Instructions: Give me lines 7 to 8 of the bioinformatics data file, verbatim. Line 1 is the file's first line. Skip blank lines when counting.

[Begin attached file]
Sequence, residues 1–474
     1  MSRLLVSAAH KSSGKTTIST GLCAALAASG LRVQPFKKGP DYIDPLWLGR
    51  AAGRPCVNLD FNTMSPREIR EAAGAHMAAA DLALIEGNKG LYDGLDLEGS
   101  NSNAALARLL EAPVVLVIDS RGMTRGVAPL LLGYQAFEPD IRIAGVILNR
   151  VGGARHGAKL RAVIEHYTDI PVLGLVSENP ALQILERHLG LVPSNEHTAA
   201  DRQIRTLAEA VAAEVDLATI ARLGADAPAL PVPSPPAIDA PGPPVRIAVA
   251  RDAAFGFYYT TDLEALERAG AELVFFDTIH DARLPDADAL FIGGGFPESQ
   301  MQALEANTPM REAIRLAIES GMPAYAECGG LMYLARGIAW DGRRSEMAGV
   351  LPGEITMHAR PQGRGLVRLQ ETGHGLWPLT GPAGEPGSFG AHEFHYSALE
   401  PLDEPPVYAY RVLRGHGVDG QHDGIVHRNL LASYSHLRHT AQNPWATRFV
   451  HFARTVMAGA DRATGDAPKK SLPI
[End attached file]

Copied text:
   251  RDAAFGFYYT TDLEALERAG AELVFFDTIH DARLPDADAL FIGGGFPESQ
   301  MQALEANTPM REAIRLAIES GMPAYAECGG LMYLARGIAW DGRRSEMAGV